CAIRO – Getting more active in politics, an expected vote on constitutional amendment to ban gay marriage is dividing Minnesota Muslims, with both backers and opponents trying to court the growing religious minority.
"Muslims are becoming more and more active," John Green, a political science professor at the University of Akron who studies politics and religion, told Star Tribune.
"They're on people's radar screens as folks that might vote, that might be persuaded. That might be willing to listen to arguments."
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As Minnesota's Muslim population grows, both sides of the marriage amendment debate are vying to tap their growing activism and win over an estimated 50,000 potential voters.
Working for the looming Nov. 6 vote, Winnie Okafor, a community relations coordinator for Minnesota for Marriage, went to Tawfiq Islamic Center in north Minneapolis on Friday stumping for yes votes for the proposed constitutional amendment to ban gay marriage.
"We're getting good support from them ... both from the members of these mosques and also the imams," she said.
"We're getting people signing our pledge forms. It's a big deal, because you're getting the voter to think ahead to what they're going to do in November.
"I think a lot of them are really sensitive to ... what becomes of the way we can raise our children when marriage is defined contrary to something our faith holds so dear."
On the other side, Rev. Grant Stevensen, faith director at Minnesotans United For All Families, was at the opposition headquarters, working with young Muslim staffers to get out the no vote.
Stevensen said he doesn't expect Muslims to vote as a bloc on the question.
Same-sex relationship and marriage are totally prohibited in Islam, Christianity and all divine religions.
Islam teaches that believers should neither do the obscene acts, nor in any way indulge in their propagation.
The Catholic Church teaches that homosexuality is not a sin, but considers homosexual intercourse as sinful.
About 150,000 live in Minnesota, many of them immigrants from Africa and Asia. Upwards of 50,000 are registered voters in Minnesota, Muslim leaders estimate.
In the US, 31 states have passed constitutional amendments or legislation against same-sex marriage.
Though American Muslims do not endorse same-sex relations, some saw the vote as carving discrimination into the constitution.
"I think it's a private matter, in terms of marriage in general," Makram El-Amin, an imam at the Masjid An-Nur mosque in north Minneapolis where Keith Ellison worships, said.
"My position was nuanced. In Islam, we're not proponents of same-sex marriage," he said.
"That's something from our faith tradition we uphold, that institution [marriage] in that form."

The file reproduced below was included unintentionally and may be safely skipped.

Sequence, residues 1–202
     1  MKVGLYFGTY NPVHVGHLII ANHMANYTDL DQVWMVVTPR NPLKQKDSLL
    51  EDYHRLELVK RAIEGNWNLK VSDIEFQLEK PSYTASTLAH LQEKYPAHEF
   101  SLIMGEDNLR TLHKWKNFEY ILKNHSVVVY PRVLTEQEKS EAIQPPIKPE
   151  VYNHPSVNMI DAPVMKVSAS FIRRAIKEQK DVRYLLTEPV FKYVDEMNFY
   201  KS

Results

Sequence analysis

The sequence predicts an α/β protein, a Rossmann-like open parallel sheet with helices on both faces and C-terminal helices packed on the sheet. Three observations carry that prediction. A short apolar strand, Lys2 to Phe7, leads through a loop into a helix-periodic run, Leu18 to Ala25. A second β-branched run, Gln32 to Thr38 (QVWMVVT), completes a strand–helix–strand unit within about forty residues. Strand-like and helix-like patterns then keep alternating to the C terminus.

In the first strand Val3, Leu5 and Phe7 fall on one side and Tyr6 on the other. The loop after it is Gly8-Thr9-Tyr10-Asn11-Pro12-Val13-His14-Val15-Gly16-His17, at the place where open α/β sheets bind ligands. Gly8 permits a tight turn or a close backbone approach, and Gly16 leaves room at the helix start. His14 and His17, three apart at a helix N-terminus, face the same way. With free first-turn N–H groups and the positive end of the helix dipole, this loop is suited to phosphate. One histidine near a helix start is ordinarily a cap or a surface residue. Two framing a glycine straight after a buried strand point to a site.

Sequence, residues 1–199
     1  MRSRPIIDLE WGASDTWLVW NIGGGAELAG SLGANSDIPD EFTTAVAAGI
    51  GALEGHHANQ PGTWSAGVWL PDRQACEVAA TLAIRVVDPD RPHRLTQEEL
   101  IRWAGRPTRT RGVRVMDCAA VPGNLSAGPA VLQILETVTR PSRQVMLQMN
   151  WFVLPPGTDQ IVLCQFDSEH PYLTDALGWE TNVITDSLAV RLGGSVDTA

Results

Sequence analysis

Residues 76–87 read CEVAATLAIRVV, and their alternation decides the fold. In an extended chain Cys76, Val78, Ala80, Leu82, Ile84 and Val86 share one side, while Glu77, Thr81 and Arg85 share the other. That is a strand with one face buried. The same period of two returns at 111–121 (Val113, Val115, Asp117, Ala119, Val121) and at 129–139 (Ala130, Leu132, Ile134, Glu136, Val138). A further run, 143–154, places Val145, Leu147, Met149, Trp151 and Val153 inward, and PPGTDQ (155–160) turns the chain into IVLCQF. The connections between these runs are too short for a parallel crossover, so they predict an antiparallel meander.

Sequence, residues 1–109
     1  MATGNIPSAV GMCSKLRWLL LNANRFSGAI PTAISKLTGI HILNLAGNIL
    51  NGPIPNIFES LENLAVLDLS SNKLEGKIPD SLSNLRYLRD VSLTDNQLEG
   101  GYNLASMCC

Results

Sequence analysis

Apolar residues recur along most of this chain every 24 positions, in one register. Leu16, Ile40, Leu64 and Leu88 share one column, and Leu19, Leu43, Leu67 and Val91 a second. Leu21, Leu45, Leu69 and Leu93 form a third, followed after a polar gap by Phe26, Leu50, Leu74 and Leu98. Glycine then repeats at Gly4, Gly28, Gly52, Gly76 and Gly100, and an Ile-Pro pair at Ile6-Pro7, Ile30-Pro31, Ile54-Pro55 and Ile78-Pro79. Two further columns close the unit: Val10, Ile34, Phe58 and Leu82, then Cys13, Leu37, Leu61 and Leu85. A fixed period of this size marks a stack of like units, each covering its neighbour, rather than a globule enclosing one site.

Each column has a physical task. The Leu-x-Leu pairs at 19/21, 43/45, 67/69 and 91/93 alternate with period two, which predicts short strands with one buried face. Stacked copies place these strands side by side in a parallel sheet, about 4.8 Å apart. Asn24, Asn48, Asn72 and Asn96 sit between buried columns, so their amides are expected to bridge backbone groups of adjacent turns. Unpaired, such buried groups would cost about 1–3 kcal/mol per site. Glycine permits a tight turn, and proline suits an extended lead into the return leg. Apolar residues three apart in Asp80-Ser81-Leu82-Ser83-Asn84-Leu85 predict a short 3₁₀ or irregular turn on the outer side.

Ellison also says people don't necessarily have to support same-sex marriage to vote against the amendment.
"We're basically carving discrimination into the constitution," Ellison said.
"The constitution ... ought to grant and confer rights, not take them away. I think anyone's attitude about homosexuality is irrelevant. At the end of the day, it's about fundamental liberty, not whether you agree with this or not."
On the other hand, Faraz Ahmad, the imam at the Muslim Community Center in Bloomington, supported the amendment
"Our stance is marriage is, and it should be, defined as a contract between ... a male and a female," Ahmad said.
"These things should be intact .... preserved and protected. That will benefit society more."
Lori Saroya, executive director of the Minnesota chapter of the Council on American-Islamic Relations, said Muslims are still concerned with discrimination at work, harassment at schools and other civil rights issues.
"I think the majority of Muslims would say the Qu'ran does prohibit gay marriage," Saroya said.
"I think the problem they're facing is if they go out and support the amendment, then they're aligning themselves with the same people that ... have engaged in some of these anti-Muslim activities.
"The anti-shari`ah bill is a good example," she said, referring to a measure introduced in the Republican-controlled Legislature that many Muslim leaders rejected as discriminatory.
"It seems like it's some of the same people behind that effort that are part of this effort [marriage amendment]. So I think it's a matter of, 'Do we want to align ourselves with these people?'"
The fact that Muslims are being courted on an issue like this, Green said, "is evidence Muslims have become more accepted, more mainstream.
"Part of it is they're growing, they're becoming more numerous. Part of it is there's been some time between now and 9/11, which was a very difficult time for American Muslims.
"We're kind of moving away from that."
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